Neoplatonism and Christianity – https://en.wikipedia.org/wiki/Neoplatonism_and_Christianity
      -quote:
      “Neoplatonism was a major influence on Christian theology throughout Late Antiquity and the Middle Ages in the West. This was due to St. Augustine of Hippo, who was influenced by the early Neoplatonists Plotinus and Porphyry…….”

      The great doctrines of Plotinus are not dead – their baptized.

      Like

  6. Interesting that you mention Hitler. No man has so much slander smeared across his name than Hitler. I remember being taught how evil he was without even listening to him speak. This was done by both my pastors and teachers. I never gave him a fair chance. Funny things happen when we listen to people in context. Today, I am more silent on Hitler because I know my betheren regurgitate words taught to them. The same way people regurgitate fake news.
    Another example of this was Kierkegaard. Many Christians believe the man was a heretic. One of our pastors said he was a pagan.
    I could have just listened to his out of context quotes or I could have done some research. For those people who cannot fathom why I, a lover of God and all men seem to have no ill thoughts about Hitler, there are many sources.
    The biggest and most thorough has to be The Greatest Story Never Told.

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    1. Stefooch,
      I realize that the “winner writes the history books,” but I would tread very lightly on any defense of Hitler.

      I went to school in So Cal before you were born and had Christian friends who had numbers tattooed on their arms. They have real stories to tell.

      It is still illegal in Hungary, Romania, Austria, and Germany to deny the holocaust. These are not victim-countries with an ax to grind; they are the (alleged) perpetrator-countries who have many citizens in their 90’s who lived through those years.

      I do not think that you and I should take over this blog about this (I am not passionate about this subject like I am about the work of Christ), but I imagine that even the DVD author has ‘some’ ill thoughts about Hitler, so I urge you to avoid the “no ill thoughts about Hitler” phrase.

      Liked by 1 person

  7. It’s not the association that matters. It’s the content of the doctrine that matters. If Prof. Flowers espouses the doctrines of Palagius, then he’s in error. It’s not about boogie-man association. It’s about truth!

    Like

    1. Troy,
      I can’t even be sure you read the article. Mainly what he said was —-Pelagius was reported to believe/say a lot of things that he didn’t.

      Like

    2. But that’s the point Troy, it is lazy and irrational to say “this guy believes X, therefore if you say X, you’re wrong”. Dr Flower’s arguments are wrong because not cause someone else you don’t like held to the same position.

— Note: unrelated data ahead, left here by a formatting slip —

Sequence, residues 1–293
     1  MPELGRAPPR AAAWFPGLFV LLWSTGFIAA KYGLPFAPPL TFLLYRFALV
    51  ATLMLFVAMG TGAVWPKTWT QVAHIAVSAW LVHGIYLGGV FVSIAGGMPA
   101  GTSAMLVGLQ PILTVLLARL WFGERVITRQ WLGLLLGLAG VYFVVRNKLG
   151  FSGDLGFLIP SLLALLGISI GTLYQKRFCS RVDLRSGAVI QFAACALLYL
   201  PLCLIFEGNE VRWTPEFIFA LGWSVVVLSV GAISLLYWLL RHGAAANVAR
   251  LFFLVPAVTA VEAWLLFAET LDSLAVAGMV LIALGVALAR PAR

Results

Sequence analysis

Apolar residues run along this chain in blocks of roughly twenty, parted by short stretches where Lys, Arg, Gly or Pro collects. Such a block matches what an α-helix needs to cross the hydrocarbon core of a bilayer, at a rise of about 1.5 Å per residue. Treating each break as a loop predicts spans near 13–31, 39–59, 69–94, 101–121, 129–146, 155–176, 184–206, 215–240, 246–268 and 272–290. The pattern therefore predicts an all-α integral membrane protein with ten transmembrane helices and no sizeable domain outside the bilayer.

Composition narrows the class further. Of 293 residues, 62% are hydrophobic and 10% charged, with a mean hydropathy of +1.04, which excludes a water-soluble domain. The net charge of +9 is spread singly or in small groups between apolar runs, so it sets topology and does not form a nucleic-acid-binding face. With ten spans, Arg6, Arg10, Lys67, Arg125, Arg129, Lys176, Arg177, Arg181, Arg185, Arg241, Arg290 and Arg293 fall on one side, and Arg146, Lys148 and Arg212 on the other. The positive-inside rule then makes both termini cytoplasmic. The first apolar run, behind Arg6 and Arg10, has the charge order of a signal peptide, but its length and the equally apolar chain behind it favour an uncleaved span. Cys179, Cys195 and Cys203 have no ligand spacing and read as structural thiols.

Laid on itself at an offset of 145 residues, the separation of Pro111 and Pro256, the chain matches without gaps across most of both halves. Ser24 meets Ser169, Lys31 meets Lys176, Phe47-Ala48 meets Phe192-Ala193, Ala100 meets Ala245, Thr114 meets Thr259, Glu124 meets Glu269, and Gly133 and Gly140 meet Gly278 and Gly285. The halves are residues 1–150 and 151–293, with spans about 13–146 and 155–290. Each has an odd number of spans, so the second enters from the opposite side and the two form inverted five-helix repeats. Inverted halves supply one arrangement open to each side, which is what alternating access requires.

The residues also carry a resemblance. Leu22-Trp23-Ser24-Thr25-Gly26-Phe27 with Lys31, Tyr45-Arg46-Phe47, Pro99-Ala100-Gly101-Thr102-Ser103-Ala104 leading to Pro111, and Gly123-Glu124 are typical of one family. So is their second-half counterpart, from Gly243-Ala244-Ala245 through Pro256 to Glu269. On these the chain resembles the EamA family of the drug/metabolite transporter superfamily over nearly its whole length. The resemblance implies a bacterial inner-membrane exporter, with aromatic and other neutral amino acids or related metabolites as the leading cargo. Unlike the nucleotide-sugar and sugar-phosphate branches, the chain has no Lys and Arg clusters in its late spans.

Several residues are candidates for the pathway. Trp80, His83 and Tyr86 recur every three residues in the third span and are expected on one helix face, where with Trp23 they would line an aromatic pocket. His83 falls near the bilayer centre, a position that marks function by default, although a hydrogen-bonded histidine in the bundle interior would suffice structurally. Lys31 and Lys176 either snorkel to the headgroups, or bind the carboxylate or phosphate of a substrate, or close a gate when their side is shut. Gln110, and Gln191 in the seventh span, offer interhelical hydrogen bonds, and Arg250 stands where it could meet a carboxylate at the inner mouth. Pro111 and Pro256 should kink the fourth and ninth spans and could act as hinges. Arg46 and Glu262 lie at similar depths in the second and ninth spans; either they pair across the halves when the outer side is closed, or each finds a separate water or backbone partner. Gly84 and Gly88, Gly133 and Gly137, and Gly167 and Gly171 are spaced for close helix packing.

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    3. I occasionally read postings from Orthodox Christian authors on the historical evidence concerning Augustine vs Pelagius.
      Unfortunately, due to the politics at the time, very little first hand writings are available from Pelagius.

      That being said, their consensus is that even with Pelagius’ emphasis on human ability – the little quantity of first-hand writings available to analyze Pelagius – reveal a much higher degree of consistency with scripture than do Augustine’s – whose doctrine was heavily polluted with NeoPlatonism and the remaining doctrinal residue he retained from Manichaeism.

      If it is true that – quote “It’s not the association that matters. It’s the content of the doctrine that matters. ”
      Then Dr. Flowers pointing out that “Semi-Gnosticism” is also a viable label for Calvinism.

      Liked by 2 people

      1. br.d

        If you go to monergism.com you will see that there are 4 pages of links to articles that venerated Augustine. He is raised to sainthood over and over. Authors are tripping over each other trying to be the one to sing the highest praise about a man who worshiped Mary and the saints, and believed in baptismal regeneration. He clearly promoted infant baptism (which is great for Sproul!) which Piper and others who sing his praises would firmly disagree with. It is amazing what people will let “theologians” get away with as long as they toe the line on determinism-fatalism.

        On the other hand Pelagius is vilified on the same web site.

        Now…..if you bring up any of this to Calvinists they will claim “we do not have enough evidence to know that Augustine worshiped Mary.” Ironic since apparently we have enough writings and evidence for Sproul and Calvin and Piper to call him the father of all good reformed theology!